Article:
Initial parameters were set to ensure that any predicted structures took the form of orthorhombic crystals with sp2-sp3 hybridization. The presence of sp3 hybridization provides a good indication that an allotrope will likely exhibit high hardness, while the presence of sp2 hybridization offered the potential to afford the allotrope useful conducting channels.

Having confirmed these parameters, the researchers worked to optimize the allotropes’ structures and their related properties through the use of a number of calculations; for example, using density functional theory via the Vienna ab initio Simulation Package (VASP) and performing a generalized gradient approximation in line with the Perdew-Burke-Ernzerhof (PBE) functional.

They also made use of a projector augmented wave method (with a 900 eV cutoff energy) to help calculate the impact of the structural optimization on the allotropes. Uniform k-point meshes were used to sample the Brillouin zone with a reciprocal-space resolution of 0.12 Å−1.

Throughout the study, convergence criteria for total energy and Hellmann–Feynman force components were defined as 1 × 10−5 eV/atom and 1 × 10−3 eV Å−1, respectively. Phonon dispersion curves were calculated using Phonopy - an open-source package designed to perform phonon calculations at harmonic and quasi-harmonic levels.

The finite displacement method was also used, an advanced approach based on Hellman-Feynman forces, first-principles calculations of total energy, and the dynamical matrix. The first-principles molecular dynamics simulations were performed in the canonical (NVT) ensemble using the Nosé thermostat.

In terms of hardness, Fddd-C96 is reported to be ranked third among all super-hard metallic carbon materials in the SACADA.

Hardness calculations for all three structures revealed a hardness greater than 40 GPa, while an investigation into their electrical properties confirmed metallicity as a result of sp2 hybridization; factors that makes these materials excellent candidates for use in electronic devices used in high-pressure environments.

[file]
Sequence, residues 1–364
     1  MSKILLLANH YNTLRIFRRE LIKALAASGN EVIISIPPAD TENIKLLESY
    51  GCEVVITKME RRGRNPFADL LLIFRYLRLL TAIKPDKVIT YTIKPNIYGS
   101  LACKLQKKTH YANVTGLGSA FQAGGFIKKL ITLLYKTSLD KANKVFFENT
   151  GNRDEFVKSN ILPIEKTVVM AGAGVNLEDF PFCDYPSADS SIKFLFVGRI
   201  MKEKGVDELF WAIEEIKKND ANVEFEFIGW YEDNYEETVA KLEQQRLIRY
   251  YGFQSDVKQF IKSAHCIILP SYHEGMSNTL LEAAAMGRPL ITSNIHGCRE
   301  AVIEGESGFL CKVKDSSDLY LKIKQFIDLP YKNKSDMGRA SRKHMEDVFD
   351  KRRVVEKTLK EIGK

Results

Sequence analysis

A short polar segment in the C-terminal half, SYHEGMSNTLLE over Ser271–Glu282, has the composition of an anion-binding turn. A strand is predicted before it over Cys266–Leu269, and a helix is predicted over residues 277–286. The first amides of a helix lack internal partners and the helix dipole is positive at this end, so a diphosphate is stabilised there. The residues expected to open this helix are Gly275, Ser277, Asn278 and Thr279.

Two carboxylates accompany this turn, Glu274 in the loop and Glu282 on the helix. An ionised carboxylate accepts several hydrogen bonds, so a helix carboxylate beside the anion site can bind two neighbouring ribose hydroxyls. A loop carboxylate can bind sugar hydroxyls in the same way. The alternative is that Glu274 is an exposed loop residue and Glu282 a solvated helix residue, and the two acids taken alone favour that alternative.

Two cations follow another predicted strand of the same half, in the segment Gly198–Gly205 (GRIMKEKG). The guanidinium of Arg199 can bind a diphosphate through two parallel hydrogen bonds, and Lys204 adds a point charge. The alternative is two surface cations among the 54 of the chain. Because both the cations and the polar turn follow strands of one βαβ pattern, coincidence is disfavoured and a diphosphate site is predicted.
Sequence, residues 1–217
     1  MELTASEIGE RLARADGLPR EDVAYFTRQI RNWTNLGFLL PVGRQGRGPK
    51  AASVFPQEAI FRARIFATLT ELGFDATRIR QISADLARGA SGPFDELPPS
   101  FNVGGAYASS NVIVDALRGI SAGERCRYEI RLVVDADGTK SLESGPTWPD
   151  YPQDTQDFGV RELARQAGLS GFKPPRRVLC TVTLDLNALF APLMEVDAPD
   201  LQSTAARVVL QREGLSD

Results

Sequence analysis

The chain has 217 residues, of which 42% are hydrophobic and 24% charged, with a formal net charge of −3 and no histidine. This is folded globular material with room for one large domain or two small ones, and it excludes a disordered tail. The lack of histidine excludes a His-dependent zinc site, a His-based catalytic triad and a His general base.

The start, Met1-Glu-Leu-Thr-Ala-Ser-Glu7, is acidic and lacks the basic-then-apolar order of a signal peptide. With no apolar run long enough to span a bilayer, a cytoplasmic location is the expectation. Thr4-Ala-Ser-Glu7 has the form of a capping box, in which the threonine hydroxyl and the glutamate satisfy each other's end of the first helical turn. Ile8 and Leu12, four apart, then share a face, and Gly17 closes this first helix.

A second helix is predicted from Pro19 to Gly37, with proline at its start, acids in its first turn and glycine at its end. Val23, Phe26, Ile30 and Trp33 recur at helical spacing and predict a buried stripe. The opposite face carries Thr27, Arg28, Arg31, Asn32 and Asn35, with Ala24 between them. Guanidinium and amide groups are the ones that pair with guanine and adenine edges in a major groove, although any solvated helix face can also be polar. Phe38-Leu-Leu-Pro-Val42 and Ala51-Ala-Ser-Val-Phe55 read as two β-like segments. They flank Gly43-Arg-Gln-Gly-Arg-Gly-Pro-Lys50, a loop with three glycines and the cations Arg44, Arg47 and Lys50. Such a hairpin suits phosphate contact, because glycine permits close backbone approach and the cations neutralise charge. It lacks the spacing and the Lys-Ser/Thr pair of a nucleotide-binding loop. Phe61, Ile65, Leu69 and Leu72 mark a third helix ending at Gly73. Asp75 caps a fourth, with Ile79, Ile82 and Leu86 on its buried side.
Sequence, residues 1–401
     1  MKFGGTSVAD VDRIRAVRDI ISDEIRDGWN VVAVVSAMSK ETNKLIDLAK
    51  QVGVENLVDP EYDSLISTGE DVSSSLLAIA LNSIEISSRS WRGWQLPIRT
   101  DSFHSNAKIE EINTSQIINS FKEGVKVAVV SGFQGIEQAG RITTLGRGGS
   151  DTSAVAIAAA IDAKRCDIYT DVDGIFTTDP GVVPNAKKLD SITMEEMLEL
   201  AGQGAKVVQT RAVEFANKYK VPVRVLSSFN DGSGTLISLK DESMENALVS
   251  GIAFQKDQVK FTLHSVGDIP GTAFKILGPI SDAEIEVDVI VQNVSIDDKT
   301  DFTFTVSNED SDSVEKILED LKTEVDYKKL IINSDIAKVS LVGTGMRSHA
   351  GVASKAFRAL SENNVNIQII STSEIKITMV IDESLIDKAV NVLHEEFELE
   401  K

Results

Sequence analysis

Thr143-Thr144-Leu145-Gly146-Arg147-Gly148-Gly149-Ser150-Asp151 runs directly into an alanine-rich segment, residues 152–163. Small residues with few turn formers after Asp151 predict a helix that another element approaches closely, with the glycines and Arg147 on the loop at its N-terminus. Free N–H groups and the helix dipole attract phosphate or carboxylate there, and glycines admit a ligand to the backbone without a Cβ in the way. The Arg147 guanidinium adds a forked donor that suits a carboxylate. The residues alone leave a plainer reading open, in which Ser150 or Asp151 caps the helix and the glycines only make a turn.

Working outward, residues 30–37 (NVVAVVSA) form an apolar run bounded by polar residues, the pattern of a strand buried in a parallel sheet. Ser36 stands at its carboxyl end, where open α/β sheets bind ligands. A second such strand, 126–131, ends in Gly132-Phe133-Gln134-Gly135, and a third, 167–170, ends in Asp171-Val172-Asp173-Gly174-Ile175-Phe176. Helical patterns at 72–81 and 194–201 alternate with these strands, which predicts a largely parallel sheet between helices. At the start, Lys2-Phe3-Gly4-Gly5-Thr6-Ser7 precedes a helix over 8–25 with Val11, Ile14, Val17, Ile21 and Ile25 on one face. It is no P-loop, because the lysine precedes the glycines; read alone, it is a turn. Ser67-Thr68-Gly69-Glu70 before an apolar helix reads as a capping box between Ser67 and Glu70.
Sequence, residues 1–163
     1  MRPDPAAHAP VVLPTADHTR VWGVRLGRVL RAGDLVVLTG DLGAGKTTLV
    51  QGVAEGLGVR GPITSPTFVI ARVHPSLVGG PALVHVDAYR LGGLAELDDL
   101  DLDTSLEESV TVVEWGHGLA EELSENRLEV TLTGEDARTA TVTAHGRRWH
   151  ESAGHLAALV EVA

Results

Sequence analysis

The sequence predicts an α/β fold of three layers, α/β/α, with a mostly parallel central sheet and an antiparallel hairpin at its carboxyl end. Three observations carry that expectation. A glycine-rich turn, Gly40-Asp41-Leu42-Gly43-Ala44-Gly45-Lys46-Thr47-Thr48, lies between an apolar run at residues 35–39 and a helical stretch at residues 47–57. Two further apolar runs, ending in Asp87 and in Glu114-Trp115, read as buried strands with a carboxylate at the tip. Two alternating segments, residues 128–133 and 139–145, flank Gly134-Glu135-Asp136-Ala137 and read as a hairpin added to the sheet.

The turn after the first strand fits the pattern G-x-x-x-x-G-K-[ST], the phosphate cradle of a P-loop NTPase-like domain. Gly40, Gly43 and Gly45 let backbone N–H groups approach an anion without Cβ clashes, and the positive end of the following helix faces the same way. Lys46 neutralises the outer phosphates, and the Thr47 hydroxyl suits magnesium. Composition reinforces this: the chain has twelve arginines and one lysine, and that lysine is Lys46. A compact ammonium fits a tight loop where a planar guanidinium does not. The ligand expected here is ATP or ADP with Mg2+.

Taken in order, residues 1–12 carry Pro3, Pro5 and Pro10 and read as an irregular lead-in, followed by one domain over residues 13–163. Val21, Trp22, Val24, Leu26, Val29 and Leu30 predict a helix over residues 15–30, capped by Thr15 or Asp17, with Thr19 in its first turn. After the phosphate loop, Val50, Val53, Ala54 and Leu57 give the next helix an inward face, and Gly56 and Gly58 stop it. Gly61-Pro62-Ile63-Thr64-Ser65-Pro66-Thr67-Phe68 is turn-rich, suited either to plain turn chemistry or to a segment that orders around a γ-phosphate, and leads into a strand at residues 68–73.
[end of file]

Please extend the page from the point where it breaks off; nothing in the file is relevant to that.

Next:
While the development of super-hard metallic carbon allotropes is undoubtedly advantageous and a further step in an important contemporary research area, the impact of the development of innovative means of conceptualizing and characterizing these via a novel parameter, advanced simulations, and calculations is of equal, if not more, importance.

As well as the development and characterization of super-hard metallic materials, this new method also offers the possibility of rapidly screening out ineffective materials when working with significant amounts of potentially unwieldy materials data.

References

Q. Wei, H. Yuan, W. Tong, et al., Three new orthorhombic superhard metallic carbon allotropes, Diamond & Related Materials (2021), https://www.sciencedirect.com/science/article/pii/S0925963521004945?via%3Dihub

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Adrian Thompson

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Adrian Thompson

Adrian Brian Thompson is a freelance writer, educator and creative based in Todmorden, United Kingdom. His diverse academic and industry background ranges from frontline youth and support work to marketing, website development, copyediting, event production and project management across a range of sectors. Adrian holds an MA with Distinction in Music Industry Studies, and he is currently working towards a PhD in Music (incorporating politics and social sciences) at The University of Liverpool.